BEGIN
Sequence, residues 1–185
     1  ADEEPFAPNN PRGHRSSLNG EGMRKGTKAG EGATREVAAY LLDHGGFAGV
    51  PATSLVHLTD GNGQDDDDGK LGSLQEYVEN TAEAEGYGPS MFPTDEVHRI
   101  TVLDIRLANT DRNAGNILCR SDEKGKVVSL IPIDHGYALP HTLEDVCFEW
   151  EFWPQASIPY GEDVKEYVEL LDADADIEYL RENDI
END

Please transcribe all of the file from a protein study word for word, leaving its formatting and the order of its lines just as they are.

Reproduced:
Sequence, residues 1–185
     1  ADEEPFAPNN PRGHRSSLNG EGMRKGTKAG EGATREVAAY LLDHGGFAGV
    51  PATSLVHLTD GNGQDDDDGK LGSLQEYVEN TAEAEGYGPS MFPTDEVHRI
   101  TVLDIRLANT DRNAGNILCR SDEKGKVVSL IPIDHGYALP HTLEDVCFEW
   151  EFWPQASIPY GEDVKEYVEL LDADADIEYL RENDI